Zach put a finger to his lips, and Abby nodded. They quickened their pace, but stayed quiet. “Never start a confrontation with those things, or you’ll bring down hordes of them,” Zach had always said. Their scavenging trip had gone without a hitch thus far, and he intended to keep it that way. Cities were always dangerous, not only because of the thousands of undead, but also due to the anarchic war-bands that roamed around their tiny empires, terrorizing innocent survivors.
Zach hated these people more than zombies. The zombies were just animals, and you can’t hate an animal for following its instincts to eat and survive. But people had no excuse for their behavior. And preying on the innocent, raping and murdering just because there is no one to punish you for your actions was despicable.
The pair kept walking for a few blocks until they finally returned to where they had parked their truck, a gunmetal-grey Ford F-150. Zach had found it in the garage of an abandoned house some months back, and though they didn’t drive it often because of the scarcity of fuel, it was nice to have, especially on these long trips. They kept it hidden when they were not using it, out in the farmland areas. They tossed their packs into the truck bed and then climbed into the cab. Zach turned the key and the big engine roared to life. He drove away quickly, knowing that the noise could be heard for miles around.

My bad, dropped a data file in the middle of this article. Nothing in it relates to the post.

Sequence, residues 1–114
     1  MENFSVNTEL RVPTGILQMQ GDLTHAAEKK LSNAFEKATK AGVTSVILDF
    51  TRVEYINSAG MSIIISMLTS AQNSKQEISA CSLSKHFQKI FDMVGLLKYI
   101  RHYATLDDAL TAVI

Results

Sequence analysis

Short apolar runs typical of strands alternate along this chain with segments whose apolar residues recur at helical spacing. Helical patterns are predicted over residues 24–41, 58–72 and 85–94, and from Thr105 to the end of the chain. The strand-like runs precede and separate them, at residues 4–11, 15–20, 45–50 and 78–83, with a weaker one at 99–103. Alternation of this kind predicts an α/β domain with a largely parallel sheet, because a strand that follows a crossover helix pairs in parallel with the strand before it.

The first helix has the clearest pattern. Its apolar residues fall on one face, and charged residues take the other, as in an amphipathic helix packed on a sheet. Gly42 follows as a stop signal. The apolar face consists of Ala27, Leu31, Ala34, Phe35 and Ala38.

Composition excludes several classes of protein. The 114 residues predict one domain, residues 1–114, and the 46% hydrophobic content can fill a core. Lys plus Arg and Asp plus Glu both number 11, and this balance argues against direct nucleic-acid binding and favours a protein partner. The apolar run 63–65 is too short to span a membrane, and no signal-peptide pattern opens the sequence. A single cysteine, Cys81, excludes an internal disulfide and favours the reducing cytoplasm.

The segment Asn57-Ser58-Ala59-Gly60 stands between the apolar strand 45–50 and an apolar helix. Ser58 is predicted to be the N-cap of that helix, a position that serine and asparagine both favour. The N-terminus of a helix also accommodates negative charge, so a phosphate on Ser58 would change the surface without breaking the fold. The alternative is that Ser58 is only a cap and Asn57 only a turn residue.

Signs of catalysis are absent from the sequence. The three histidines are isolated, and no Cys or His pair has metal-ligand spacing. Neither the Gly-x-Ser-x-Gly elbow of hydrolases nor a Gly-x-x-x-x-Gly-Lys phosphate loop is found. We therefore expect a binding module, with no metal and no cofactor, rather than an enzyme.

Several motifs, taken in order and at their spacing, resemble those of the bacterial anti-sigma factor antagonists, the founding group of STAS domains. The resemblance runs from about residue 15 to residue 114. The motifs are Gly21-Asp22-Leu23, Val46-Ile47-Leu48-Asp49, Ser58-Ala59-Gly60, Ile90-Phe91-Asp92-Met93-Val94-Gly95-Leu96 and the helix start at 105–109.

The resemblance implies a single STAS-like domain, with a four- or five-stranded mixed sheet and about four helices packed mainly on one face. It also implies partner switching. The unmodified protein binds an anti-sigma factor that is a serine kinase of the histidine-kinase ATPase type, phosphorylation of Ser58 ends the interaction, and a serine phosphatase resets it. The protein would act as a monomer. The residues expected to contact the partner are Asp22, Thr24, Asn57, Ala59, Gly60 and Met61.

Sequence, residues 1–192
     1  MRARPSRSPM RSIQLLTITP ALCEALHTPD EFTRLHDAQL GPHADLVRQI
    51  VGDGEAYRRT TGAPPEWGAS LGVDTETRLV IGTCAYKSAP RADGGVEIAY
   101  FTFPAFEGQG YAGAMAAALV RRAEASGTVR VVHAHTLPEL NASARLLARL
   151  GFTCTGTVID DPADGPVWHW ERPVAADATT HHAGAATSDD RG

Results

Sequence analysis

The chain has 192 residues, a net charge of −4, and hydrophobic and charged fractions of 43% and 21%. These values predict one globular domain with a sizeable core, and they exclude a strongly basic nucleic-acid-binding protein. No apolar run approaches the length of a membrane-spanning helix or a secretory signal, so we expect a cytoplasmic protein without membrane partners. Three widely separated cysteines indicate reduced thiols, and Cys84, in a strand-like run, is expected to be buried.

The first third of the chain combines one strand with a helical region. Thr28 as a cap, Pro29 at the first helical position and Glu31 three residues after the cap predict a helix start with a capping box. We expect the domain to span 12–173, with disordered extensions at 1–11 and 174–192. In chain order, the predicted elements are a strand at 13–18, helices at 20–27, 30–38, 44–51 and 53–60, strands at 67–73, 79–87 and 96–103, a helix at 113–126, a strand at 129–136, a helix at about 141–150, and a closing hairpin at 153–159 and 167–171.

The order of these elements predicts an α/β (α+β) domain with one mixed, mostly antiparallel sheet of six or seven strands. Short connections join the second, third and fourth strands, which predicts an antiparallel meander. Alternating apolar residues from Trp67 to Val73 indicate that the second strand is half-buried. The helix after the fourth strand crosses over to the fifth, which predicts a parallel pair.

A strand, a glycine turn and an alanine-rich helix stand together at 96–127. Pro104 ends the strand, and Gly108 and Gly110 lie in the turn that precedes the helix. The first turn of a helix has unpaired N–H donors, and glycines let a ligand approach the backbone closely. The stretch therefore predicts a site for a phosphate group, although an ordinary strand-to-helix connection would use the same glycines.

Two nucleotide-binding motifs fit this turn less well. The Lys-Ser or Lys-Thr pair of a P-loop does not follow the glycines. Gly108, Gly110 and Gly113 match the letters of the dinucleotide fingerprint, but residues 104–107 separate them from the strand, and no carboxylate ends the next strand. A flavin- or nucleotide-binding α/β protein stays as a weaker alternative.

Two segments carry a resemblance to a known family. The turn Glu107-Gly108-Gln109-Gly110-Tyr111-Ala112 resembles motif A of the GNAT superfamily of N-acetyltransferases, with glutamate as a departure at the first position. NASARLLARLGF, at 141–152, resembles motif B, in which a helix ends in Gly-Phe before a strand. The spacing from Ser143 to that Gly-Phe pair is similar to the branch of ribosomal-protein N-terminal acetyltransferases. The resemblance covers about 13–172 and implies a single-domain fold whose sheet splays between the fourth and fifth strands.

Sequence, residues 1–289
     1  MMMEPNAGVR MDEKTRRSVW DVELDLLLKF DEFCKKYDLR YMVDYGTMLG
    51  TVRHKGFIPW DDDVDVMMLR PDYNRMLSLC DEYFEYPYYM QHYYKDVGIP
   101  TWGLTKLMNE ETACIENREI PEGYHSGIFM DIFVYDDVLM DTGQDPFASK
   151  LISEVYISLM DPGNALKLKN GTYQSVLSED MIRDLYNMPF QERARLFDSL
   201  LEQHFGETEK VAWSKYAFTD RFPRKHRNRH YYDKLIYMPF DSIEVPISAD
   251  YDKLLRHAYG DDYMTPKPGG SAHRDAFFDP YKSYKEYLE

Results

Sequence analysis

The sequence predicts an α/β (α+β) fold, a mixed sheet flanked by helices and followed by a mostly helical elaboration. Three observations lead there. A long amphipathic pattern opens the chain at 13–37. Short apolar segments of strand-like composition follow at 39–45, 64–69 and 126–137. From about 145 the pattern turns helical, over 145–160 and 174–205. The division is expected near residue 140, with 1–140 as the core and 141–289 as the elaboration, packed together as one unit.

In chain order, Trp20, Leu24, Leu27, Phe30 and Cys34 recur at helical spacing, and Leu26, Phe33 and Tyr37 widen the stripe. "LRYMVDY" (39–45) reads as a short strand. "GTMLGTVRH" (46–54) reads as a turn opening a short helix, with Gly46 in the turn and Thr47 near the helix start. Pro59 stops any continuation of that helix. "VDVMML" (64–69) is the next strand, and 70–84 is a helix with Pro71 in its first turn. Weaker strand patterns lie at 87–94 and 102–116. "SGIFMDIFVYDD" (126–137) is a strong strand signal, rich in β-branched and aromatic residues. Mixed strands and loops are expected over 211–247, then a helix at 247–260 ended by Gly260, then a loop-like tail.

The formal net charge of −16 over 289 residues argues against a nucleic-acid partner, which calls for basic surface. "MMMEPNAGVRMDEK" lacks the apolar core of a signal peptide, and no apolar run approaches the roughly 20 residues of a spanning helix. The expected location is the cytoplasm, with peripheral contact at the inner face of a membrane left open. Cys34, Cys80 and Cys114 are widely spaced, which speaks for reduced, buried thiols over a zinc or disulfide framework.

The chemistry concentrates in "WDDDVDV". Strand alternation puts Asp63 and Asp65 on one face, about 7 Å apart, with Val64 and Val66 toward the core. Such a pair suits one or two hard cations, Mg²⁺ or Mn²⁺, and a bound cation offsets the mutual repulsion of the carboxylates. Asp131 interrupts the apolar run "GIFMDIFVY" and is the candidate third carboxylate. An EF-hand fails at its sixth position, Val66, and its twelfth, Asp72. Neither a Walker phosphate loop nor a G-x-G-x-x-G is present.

“So when are you going to let me drive?” Abby asked after a few minutes of silence, her subtle Southern twang lightly accenting that last word.
Zach chuckled and said, “Maybe when you can reach the pedals.”
“But I can! I’ve grown an inch this year, so I’m five foot three now. See?” she replied, stretching her feet to the floor. But Zach just smiled and shook his head, knowing Abby was just teasing him. She smiled back and said, “We did really well today, didn’t we?”
“We sure did. Hopefully we won’t have to resupply for a few weeks.”
“And we didn’t have any close calls like last time,” said Abby as she took her hat off and tossed it into the back seat. Zach just grunted in reply. He didn’t like having their last trip into the city brought up because a zombie had almost bit Abby. Just thinking about it now made him uncomfortable and so he started to whistle a tune to lighten his mood.